In 2003, Tomizawa et al. (2003) reported that OXT perfusion (1 μM) of mouse hippocampal slices enhanced the ability of subthreshold synaptic stimulation to induce long-lasting LTP (L-LTP) at Schaffer collateral-CA1 synapses. The authors also demonstrated that this induction was mediated by the activation of the MAPK cascade and phosphorylation of cyclic AMP-responsive element binding protein (CREB), suggesting that OXT induced neuronal plasticity in the hippocampus is transcription-dependent. In an attempt to correlate these findings with behavior, the authors demonstrated that ICV administration of OXT in virgin mice improved long-term spatial learning, a result that aligned with a previous discovery showing that spatial memory is enhanced during pregnancy, delivery and lactation, situations when OXT levels are substantially high (Kinsley et al., 1999). Similarly, Lin et al. (2012) demonstrated that endogenous OXT contributes to the maintenance of late but not early phase LTP, which was induced by subthreshold stimulation. Furthermore, they showed that the OXT-induced enhancement of LTP is OXTR dependent and involves an EGFR-mediated rapid and persistent increase in the local translation of an atypical protein kinase C (PKC) isoform, thus describing a mechanism for OXT-dependent LTP. Notably, stress is known to have a prolonged negative effect on memory and synaptic plasticity (Kim et al., 2015). In rats, an uncontrollable stress experience following unpredictable and unescapable shocks causes impairment in hippocampal-dependent memory tasks and leads to deficits in both LTP and LTD (Foy et al., 1987; Shors et al., 1989; Xu et al., 1997; Kim et al., 2001). The effect of OXT on stress-induced impairments in synaptic plasticity and cognition has been recently addressed in two separate studies by the same group (Lee et al., 2015; Park et al., 2017). These studies demonstrated that administration of intranasal OXT before or after the stress event could reverse the LTP and LTD deficits observed in hippocampal slices as well as improve spatial memory impairments by activating OXTRs and regulating ERK activity.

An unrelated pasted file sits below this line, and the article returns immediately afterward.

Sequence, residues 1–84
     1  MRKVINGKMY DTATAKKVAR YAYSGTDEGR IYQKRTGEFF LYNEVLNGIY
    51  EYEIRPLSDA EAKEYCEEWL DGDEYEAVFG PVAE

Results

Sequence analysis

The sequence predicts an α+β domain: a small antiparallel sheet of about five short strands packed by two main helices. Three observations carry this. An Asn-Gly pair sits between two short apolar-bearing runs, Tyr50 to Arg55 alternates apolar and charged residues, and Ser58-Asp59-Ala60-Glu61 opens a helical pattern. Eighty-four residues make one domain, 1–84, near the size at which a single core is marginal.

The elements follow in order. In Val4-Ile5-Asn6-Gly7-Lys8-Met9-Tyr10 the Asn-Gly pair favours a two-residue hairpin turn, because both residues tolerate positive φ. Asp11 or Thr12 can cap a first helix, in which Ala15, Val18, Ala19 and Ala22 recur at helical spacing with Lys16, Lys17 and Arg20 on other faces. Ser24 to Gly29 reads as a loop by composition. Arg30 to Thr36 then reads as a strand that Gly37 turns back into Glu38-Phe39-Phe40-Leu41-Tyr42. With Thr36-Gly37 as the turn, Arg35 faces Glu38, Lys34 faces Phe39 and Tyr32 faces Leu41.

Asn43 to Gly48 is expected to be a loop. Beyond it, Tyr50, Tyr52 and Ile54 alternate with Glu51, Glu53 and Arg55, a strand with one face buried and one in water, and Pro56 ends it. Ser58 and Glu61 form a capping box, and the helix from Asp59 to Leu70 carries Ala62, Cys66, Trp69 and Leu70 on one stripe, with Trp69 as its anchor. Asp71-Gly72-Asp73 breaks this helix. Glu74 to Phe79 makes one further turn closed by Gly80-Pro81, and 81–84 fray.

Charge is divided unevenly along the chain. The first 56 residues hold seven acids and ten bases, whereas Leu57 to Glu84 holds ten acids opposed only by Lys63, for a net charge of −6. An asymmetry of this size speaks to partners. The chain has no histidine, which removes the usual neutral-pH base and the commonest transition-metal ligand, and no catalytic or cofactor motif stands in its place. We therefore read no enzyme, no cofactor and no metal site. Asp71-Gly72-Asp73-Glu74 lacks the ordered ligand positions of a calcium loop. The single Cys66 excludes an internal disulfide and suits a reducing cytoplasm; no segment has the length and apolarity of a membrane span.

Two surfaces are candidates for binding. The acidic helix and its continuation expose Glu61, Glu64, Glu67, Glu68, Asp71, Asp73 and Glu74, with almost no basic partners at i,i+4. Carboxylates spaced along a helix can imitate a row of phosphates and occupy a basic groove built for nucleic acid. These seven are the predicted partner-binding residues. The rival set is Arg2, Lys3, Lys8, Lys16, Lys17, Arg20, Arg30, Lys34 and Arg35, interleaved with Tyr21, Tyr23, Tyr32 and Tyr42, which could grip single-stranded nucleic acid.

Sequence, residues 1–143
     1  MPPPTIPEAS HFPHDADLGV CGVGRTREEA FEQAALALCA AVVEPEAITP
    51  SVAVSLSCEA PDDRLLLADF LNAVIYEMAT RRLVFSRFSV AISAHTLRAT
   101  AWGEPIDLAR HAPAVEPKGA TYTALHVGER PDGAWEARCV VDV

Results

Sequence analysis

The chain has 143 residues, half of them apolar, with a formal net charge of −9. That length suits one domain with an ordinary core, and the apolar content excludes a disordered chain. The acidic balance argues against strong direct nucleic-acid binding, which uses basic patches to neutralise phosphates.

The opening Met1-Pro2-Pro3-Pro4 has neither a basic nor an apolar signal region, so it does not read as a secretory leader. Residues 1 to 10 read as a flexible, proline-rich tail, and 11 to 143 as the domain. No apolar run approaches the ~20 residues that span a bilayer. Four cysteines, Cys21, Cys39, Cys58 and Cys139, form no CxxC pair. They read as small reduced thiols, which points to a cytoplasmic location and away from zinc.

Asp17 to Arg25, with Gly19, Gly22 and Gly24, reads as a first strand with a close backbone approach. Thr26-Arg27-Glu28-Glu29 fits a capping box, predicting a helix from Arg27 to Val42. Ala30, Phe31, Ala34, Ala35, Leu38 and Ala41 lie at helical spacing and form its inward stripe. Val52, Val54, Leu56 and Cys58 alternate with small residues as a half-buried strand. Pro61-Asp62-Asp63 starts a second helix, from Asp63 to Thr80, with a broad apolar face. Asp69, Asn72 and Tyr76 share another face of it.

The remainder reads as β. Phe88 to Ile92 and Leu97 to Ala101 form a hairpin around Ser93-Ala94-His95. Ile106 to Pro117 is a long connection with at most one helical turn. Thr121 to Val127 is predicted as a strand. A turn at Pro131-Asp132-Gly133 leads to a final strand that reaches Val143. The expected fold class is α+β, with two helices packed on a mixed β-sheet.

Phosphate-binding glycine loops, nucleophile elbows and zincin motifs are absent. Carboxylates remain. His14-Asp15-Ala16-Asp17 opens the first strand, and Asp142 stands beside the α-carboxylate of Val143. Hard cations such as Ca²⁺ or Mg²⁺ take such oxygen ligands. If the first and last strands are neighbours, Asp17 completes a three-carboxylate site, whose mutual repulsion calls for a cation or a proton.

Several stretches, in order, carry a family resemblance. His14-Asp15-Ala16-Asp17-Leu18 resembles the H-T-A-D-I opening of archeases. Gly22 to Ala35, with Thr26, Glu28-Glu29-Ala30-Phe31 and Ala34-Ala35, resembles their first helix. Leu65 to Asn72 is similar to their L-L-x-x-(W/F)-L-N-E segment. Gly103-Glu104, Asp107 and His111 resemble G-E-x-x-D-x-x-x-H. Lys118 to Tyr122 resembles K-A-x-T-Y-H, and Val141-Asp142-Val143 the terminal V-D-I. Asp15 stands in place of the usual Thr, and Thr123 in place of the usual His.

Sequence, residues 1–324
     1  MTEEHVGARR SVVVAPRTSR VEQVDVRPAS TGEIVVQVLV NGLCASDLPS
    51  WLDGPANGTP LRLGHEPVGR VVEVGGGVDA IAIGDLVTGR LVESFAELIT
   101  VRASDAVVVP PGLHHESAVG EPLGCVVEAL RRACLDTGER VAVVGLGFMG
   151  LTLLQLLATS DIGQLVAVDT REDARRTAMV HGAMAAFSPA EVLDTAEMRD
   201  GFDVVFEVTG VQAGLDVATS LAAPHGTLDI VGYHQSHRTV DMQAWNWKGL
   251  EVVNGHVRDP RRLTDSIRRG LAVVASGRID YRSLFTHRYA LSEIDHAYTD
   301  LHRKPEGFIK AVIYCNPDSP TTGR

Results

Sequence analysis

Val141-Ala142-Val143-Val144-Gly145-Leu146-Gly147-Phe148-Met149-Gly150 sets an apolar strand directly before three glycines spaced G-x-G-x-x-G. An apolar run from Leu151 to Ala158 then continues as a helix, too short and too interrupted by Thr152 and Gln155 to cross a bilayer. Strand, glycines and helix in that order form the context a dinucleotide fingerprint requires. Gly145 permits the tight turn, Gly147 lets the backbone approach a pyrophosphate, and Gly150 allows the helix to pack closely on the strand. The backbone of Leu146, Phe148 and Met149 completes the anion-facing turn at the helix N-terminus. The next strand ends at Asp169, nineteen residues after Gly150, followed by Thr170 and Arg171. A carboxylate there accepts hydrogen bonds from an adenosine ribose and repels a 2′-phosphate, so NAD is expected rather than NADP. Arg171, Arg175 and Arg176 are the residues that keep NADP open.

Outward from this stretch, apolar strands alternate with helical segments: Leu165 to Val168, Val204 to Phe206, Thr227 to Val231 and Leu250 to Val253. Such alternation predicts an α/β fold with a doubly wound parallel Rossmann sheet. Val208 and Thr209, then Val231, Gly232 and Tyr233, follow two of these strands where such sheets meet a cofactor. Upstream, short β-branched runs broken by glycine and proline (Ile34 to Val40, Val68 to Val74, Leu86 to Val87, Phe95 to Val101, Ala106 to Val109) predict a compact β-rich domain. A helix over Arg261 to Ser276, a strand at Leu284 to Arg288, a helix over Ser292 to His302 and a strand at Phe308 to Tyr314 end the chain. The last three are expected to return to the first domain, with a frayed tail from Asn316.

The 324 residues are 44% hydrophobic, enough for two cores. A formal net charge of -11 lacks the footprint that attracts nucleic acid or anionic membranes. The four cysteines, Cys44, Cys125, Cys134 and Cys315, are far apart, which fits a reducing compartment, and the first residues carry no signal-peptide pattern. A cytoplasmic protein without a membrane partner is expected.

The nucleus accumbens (NAc) is a key component of the mesocorticolimbic dopamine reward circuit and is known to be a target for synaptic plasticity-associated changes induced by drugs of abuse (Luscher and Malenka, 2011). Dolen et al. (2013) have recently shown that within the NAc, a region that is also implicated in social reward, OXT acts as a social reinforcement signal, and blocking OXTRs in the NAc inhibits the establishment of a preference for social cues. Furthermore, they showed that bath application of OXT (1 μM) induced a presynaptic LTD in NAc medium spiny neurons caused by decreased presynaptic neurotransmitter release probability. Using viral genetic tools, they demonstrated that presynaptic OXTRs on serotonergic axon terminals, arriving from the dorsal raphe nucleus to the NAc, are required for social reward and OXT-induced LTD, which they found to be dependent on the coordinated activity of OXT and serotonin (Dolen et al., 2013).
The effect of OXT on synaptic plasticity has also been studied in mouse brain slices from other brain regions. In mouse slices of infralimbic medial prefrontal cortex, OXT (100 nM) produced a significant suppression of basal glutamatergic neurotransmission through reduction of presynaptic glutamate release and lead to conversion of the activity dependent LTD to LTP. This OXT-dependent conversion is NMDA receptor-dependent and requires synaptic insertion of calcium-permeable AMPA receptors (Ninan, 2011). In slices of the AOB, OXT (0.2–2 μM) facilitated the induction of a NMDA receptor-dependent LTP in reciprocal synapses of excitatory mitral cells on inhibitory interneurons, thus enhancing inhibition on the mitral cells (Fang et al., 2008). In slices of the left auditory cortex, OXT induced LTP and led to increased spike firing (Mitre et al., 2016). Finally, although out of the scope of the current review that focuses on OXT and synaptic plasticity in the context of behavior, it is important to note that the effect of OXT on synaptic plasticity has been also studied in the context of pain, where stimulation of OXT-PVN neurons or intrathecal OXT administration was shown to reduce or prevent LTP in spinal dorsal horn neurons and transiently interrupt the long-lasting LTP-mediated mechanical hyperalgesia (DeLaTorre et al., 2009).